Tessa Hopwood is a fifty-something mum, a journalist recently ‘let go’ by a top magazine, a serious drink-driving conviction on her CV to accompany a failed marriage and one of two daughters estranged – they haven’t spoken in months. When the younger daughter, Emma, is attacked on her way home, Tessa’s life is turned on its head. Em is shocked and shaken, physically bruised but – most importantly – saved from any sexual assault by the timely intervention of a passer by. When the police organise an ID parade to identify the culprit, neither Em nor witness Frances can identify the ‘right’ man and Tessa, convinced that she knows who Em’s assailant is, decides to do things her own way.
Poor Tessa is a mess, actually. Struggling to cope with the physical and psychological effects of the menopause and her self-esteem battered by redundancy, she is prey to all manner of fancies, midnight imaginings and “the thousand natural shocks that flesh is heir to.” Much of Stop At Nothing is pure anxiety porn, as Tessa makes bad judgment after bad judgment, wrong call after wrong call. Readers will see the picture – at least part of it – way, way before she does, and in places the narrative reminded me of the frequent moments in Hammer horror films where the heroine (usually scantily clad) insists on going down into the cellar clutching only a flickering candle. We want to grab Tessa by the arm and say. “Do. Not. Do. This!”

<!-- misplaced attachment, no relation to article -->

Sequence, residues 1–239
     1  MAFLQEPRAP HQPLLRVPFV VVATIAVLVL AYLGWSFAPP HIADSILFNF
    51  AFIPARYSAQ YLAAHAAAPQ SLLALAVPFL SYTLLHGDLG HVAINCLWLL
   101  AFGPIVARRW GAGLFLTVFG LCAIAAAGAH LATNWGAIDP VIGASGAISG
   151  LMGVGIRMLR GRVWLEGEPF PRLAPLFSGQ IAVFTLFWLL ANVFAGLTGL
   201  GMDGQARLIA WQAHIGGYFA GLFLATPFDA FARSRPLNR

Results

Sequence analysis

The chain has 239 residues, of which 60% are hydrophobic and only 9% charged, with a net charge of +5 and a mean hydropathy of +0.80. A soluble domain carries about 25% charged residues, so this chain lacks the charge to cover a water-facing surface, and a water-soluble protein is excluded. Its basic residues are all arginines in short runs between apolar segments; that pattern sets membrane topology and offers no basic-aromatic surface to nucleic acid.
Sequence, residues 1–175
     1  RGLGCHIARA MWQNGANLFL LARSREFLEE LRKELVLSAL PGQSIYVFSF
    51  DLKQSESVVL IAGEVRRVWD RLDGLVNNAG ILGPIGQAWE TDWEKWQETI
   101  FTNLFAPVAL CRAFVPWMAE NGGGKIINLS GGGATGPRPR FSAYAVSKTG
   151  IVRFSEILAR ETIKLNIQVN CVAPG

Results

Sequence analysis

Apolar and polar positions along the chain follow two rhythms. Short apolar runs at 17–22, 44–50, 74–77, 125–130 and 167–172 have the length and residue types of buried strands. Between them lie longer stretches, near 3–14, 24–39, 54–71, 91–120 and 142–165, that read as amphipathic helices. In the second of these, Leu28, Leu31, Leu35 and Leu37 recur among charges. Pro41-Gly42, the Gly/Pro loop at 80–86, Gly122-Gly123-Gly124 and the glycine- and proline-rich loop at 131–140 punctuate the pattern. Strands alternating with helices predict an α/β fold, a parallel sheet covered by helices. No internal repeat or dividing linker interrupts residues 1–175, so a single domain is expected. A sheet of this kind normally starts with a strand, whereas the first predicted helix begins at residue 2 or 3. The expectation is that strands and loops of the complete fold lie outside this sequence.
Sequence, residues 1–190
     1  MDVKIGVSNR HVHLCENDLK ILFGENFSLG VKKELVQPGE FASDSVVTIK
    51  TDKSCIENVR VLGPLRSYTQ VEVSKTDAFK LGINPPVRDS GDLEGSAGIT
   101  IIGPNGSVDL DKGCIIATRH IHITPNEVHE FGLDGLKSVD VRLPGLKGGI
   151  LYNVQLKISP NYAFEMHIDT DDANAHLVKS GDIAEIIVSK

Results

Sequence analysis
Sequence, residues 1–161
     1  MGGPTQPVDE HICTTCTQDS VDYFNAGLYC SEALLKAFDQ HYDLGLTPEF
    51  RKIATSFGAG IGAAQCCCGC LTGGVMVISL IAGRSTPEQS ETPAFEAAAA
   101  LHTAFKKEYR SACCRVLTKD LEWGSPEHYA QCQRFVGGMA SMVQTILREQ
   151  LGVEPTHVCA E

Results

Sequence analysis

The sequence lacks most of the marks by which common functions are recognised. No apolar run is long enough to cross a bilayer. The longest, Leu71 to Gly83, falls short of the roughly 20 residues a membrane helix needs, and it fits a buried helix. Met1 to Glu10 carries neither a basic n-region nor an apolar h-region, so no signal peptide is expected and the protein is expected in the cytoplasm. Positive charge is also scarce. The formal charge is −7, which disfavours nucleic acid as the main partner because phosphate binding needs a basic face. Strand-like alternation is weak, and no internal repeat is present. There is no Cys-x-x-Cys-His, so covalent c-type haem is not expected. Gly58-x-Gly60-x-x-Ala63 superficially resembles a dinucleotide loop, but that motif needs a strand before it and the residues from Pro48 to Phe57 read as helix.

Personally, I warmed to Tessa – and her unfailing knack of getting things wrong – much more when her relationship with her elderly parents moved to centre stage. The tragedy of dementia is a natural cruelty that makes even the most devout religious person want to howl with rage at the heavens, and Tammy Cohen (right) handles this poignant mix of frustration and fury with a deft touch.
This is a novel of great subtlety, less a crime novel, more a detailed portrait of obsession and deception. Tessa Hopwood’s north London life is one that will be uncomfortably familiar to many readers, with its mixture of social angst, financial pressures and the constant urge to “keep up, don’t dawdle – just keep up..”